Renewal and Revival – Exodus 34

Read the Passage: Exodus 34

Tablets Remade (Exod. 34:1–9)

After Israel’s rebellion, apostasy, and consequent judgment by God (cf. Exod. 32:1–35), the Lord commanded Israel to proceed to the Promised Land. Yet, God stated, “I will not go up in your midst, lest I consume you on the way, for you are a stiff-necked people” (Exod. 33:3). Understandably, this declaration caused the people to mourn (cf. Exod. 33:4–6) and prompted Moses to intercede for the nation (cf. Exod. 33:7–17). This resulted in God saying, “My Presence will go with you, and I will give you rest. . . for you have found grace in My sight, and I know you by name” (Exod. 33:14, 17). Furthermore, Moses requested of God, “Please show me Your glory” (Exod. 33:18). Since Moses had already spoken to God face-to-face, this request is best understood as Moses’ desire to see the fullness of God’s nature, perhaps even including Christ (cf. Matt. 13:17).

After Moses’ first 40-day period on Mount Sinai, which was presumably cut short by the people’s apostasy, Moses had thrown and shattered the copy of the Decalogue that God had written (cf. Exod. 32:19). This act was an object lesson that depicted Israel’s breaking of the law in their worship of the golden calf. After promising His presence to Moses at Exod. 33:19, God directed Moses to cut two more stone tablets and to ascend Mt. Sinai again. This trek would once again be 40-days in duration (cf. Exod. 34:28). While God’s wrath over sin had been on display, as Moses ascended Mount Sinai God reminded him that He is “merciful and gracious, long-suffering, and abounding in goodness and truth, keeping mercy for thousands, forgiving iniquity and transgressions and sin, [but] by no means clearing the guilty” (Exod. 34:6–7). Indeed, by nature God is as loving as He is just.

Covenant Renewed (Exod. 34:10–28)

In Exod. 34:10–28 God renewed His covenant with Israel and, at Exod. 34:28, re-issued the Ten Commandments. In this passage God reiterated the importance of driving the pagan nations from the land (cf. Exod. 34:11–16). These verses, as well as their reiteration at Deut. 7:1–4; 20:16–18, are important, for they give the rationale for the Canaanite genocide that would unfold when Israel entered Canaan. In the rest of this passage, God re-states the first commandment of the Decalogue (cf. Exod. 34:17), cites the importance of Jewish holidays and sacrifices (cf. Exod. 34:18, 22–25), reminds Israel that the firstborn, as well as that the first-fruits, belong to God (cf. Exod. 34:19–20, 26), and discusses the fourth commandment (cf. Exod. 34:21). These issues are a sample of the obligations explained in the Pentateuch that flow from Israel’s relationship with God.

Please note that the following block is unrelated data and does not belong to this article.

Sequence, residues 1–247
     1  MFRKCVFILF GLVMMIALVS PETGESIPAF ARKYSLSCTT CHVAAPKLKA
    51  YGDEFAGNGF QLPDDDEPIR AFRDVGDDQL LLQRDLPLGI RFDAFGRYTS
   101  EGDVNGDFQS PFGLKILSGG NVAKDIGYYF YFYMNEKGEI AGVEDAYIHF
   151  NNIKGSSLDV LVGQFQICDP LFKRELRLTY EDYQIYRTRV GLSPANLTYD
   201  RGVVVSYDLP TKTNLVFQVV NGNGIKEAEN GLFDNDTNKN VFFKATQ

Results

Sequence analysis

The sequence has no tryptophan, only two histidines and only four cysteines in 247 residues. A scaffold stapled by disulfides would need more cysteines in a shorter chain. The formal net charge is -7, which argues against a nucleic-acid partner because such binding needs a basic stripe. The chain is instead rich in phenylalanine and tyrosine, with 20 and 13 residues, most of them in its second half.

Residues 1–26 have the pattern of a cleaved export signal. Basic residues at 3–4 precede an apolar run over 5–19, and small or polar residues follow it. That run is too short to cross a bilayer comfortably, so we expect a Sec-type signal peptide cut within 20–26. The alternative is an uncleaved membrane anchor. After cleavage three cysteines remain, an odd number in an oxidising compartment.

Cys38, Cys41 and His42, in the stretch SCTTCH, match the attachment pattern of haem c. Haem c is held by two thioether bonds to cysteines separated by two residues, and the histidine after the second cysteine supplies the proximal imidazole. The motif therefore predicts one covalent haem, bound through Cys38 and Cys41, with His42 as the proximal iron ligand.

Moses Revived (Exod. 34:29–35)

Exod. 34:29–35 is an interesting passage in which we learn that after spending over a month in God’s presence, miraculously not eating or drinking (cf. Exod. 34:28), the skin on Moses’ face shone (cf. Exod. 34:29). It seems best to understand this shining or glowing phenomenon, of which Moses was initially unaware, to be the radiance of God’s glory reflecting off Moses’ face. Note the similar description in the Gospels of Jesus’ appearance during his transfiguration, ironically when Moses was present, as Matt. 17:2 records that Jesus “was transfigured before them [and] His face shone like the sun.” Just as Peter, James, and John were afraid at Jesus’ transfiguration (cf. Matt. 17:6; Mark 9:6), so the people of Israel were afraid of Moses’ transformation after being on Mt. Sinai. Consequently, whenever he would speak to the people, Moses would wear a veil over his face after meeting with God.

In 2 Cor. 3:7–18 Paul refers to Exod. 34:29–35. Here Paul discusses the convictional use of the law as he writes that “the children of Israel could not look at the face of Moses because of the glory of his countenance” (2 Cor. 3:7). In other words, the conviction that came from God’s law was too much to bear, and this conviction can lead to a hardening of heart. Paul explains, “Moses . . . put a veil over his face so that the Israelites might not gaze at the outcome of what was being brought to an end. But their minds were hardened. For to this day, when they read the old covenant, that same veil remains unlifted, because only through Christ is it taken away. Yes, to this day whenever Moses is read a veil lies over their hearts” (2 Cor. 3:13–15). Paul writes, however, that “when one turns to the Lord, the veil is taken away” (2 Cor. 3:16). This allows for one to have liberty and freedom, as well as to glory in the content of the law (cf. 2 Cor. 3:17–18).

Application Questions:

  1. After you sin against someone and repent, perhaps having been caught in your sin, do find it awkward to resume your relationship? Is this true of your walk with God?
  2. If Moses had already seen God face-to-face (cf. Exod. 33:11), why did he request to see God’s glory in this passage?
  3. Why did God remind Moses of His mercy and love as Moses ascended Sinai? Why can God not just ignore or overlook our sins (cf. 2 Cor. 5:21)?
  4. Why did God claim ownership of the firstborn of all creatures, as well as the first-fruits of the harvest, even requiring Israel to redeem the firstborn?
  5. Why did Moses’ face shine after being in God’s presence? Why had Moses’ face not shone earlier? What was it about Moses’ shining face that caused fear?